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Many lice were bred, and then fed from the first instar up to the mature
insect. Their alimentary tracts, salivary glands, and other organs, were regular-
ly examined in fresh and in stained preparations, but not a single parasite,
either changed or unchanged, was found in any of them. I could therefore
come to no other conclusion but that lice (P. vestimenti and P. capitis) are not
the natural invertebrate hosts of the parasite. The statements of the people
themselves confirm these results; educated Indians of high caste, who wash
daily and change their clothes often, and who practically never harbour body lice,
and very seldom head lice, contract the sore as readily as people who never
wash and who harbour such vermin. Further, Europeans who have contract-
ed sores in Cambay, particularly the case of a lady who had one on her lower
lip, strongly oppose the idea that lice are the transmitters.



     In Cambay Stegomyia sp. was extremely common throughout the year;
it is a voracious blood sucker, often biting through clothes. A large number of
these mosquitoes were bred out in the laboratory, and fed in test tubes on the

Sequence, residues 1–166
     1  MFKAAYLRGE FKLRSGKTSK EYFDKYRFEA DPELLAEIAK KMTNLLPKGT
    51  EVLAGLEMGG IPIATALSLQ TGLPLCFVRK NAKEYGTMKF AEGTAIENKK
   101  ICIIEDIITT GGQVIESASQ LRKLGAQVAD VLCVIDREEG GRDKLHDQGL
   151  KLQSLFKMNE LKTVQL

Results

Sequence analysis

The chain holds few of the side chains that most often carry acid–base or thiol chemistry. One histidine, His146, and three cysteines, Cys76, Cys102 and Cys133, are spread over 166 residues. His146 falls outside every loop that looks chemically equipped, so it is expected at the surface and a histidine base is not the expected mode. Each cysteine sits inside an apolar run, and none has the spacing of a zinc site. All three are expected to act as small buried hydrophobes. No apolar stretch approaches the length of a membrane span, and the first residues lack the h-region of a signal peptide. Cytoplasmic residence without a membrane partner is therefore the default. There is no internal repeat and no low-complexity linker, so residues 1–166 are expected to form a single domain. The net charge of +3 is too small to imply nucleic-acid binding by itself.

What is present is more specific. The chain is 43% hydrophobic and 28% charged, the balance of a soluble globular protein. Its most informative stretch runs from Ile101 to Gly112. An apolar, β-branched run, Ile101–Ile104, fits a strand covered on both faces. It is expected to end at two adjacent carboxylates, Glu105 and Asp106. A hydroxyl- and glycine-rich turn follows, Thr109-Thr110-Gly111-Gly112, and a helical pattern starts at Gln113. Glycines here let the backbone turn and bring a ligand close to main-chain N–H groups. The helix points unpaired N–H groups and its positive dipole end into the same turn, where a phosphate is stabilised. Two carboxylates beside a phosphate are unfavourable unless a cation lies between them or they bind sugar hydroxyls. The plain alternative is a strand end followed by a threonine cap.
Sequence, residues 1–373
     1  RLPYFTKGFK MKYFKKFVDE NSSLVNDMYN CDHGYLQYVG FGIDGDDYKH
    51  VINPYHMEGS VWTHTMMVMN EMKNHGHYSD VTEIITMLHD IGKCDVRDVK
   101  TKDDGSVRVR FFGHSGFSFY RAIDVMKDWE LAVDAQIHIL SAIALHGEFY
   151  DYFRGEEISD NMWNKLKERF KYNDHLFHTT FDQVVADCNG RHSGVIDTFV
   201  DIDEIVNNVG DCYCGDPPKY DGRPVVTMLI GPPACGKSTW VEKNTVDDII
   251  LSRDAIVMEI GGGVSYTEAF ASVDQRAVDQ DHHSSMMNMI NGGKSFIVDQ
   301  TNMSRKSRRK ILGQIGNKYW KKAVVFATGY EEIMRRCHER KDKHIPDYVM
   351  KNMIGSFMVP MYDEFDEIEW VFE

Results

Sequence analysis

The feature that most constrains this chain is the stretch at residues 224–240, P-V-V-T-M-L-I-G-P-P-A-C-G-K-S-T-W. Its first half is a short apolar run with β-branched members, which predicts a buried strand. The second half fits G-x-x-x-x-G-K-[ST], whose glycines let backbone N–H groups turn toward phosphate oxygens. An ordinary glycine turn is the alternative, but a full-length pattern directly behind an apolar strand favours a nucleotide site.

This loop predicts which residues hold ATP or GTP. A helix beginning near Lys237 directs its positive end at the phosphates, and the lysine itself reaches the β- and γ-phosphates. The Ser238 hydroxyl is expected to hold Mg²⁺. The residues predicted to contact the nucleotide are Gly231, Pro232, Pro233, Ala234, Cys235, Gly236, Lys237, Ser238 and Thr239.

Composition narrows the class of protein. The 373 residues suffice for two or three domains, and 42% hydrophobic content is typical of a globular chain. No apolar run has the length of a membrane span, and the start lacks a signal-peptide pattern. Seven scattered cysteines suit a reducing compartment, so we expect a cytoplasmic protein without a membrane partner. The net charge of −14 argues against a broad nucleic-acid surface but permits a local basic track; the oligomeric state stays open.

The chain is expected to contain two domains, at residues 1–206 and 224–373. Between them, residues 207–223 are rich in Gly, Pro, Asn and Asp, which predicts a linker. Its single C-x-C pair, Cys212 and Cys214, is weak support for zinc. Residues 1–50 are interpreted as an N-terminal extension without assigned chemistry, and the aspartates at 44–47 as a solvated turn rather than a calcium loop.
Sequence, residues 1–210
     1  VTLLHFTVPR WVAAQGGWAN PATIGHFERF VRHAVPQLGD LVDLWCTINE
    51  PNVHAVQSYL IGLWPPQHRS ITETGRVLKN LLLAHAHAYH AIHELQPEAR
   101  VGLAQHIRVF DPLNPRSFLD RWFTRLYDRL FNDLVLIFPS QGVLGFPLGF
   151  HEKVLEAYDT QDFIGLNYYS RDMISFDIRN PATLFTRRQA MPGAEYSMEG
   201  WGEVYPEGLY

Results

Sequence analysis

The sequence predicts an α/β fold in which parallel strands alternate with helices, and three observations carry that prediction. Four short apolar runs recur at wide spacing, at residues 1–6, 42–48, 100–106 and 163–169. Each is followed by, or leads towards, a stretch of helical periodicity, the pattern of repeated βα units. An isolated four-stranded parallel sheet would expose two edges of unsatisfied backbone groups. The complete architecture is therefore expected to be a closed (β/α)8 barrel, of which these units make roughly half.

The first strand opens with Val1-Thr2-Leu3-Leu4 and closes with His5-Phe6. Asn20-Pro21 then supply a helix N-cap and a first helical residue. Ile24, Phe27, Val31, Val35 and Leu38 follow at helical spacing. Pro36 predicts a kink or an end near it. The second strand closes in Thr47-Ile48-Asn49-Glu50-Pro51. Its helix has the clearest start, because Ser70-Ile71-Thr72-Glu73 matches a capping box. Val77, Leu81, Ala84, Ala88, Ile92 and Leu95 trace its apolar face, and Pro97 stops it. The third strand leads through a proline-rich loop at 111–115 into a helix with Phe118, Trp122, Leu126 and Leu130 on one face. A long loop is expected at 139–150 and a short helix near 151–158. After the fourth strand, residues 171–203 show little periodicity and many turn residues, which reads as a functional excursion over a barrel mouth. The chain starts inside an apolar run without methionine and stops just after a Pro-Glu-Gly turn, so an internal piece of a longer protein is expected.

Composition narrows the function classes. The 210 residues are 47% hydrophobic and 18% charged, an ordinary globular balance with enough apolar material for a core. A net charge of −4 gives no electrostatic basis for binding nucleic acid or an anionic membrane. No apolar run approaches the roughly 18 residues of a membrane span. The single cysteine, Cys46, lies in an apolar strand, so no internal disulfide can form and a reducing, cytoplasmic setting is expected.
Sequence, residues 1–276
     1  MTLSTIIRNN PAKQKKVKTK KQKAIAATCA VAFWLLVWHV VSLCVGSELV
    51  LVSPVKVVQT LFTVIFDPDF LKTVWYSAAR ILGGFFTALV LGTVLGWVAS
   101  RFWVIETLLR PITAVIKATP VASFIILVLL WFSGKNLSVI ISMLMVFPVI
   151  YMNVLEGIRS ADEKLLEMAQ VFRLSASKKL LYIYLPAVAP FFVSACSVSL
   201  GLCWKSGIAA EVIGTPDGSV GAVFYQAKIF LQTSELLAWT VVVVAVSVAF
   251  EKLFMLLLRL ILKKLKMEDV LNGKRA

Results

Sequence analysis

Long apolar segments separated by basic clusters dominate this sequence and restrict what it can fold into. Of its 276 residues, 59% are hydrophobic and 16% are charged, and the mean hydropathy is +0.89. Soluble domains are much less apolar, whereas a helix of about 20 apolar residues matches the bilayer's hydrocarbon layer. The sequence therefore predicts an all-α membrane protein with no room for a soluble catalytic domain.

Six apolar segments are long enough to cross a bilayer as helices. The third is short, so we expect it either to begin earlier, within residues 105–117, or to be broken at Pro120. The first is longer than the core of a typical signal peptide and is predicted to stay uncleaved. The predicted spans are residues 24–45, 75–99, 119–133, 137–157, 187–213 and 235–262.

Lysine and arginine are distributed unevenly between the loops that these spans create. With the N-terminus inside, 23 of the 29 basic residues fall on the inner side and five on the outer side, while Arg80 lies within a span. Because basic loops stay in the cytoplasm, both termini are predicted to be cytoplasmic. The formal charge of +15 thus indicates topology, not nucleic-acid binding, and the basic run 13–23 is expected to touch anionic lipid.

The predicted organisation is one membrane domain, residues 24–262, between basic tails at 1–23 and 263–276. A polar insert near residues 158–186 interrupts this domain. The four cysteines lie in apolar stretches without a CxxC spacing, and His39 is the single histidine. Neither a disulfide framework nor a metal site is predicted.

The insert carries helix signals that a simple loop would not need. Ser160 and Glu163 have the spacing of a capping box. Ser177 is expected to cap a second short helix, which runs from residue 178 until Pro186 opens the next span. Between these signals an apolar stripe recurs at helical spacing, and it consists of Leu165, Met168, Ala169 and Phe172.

case, some on the margin of the sore, and others on distant parts. They were
examined at regular intervals, but I was unable to find any parasites, either
changed or unchanged, in any of these mosquitoes; they were not infected
with a natural herpetomonas, which in the case of mosquitoes comes through
the larvæ. There was then no evidence whatever to shew that this species of
Stegomyia was the natural carrier.

     No other species of mosquito was experimented with chiefly for the reason,
that, as I was working single handed, I was unable to collect larvæ in suffi-
cient numbers to carry out experiments, and also for the reason that in Cambay
the localised nature of Oriental Sore strongly opposes the hypothesis that a
flying insect is the carrier. As I have pointed out ahove, the railway staff,
who live around the station, about a quarter of a mile from the endemic area,
never contract the disease. This is a very striking fact, for flying insects such
as house flies and mosquitoes, which may have become infected in the town
itself, would have every opportunity of biting people living just on the

     Phlebotomus sp., probably baba Annandale, was only seen during the rainy
season, June to September, and then in small numbers. I was bitten by a few
of these flies but with negative results; four specimens caught in the Hospital

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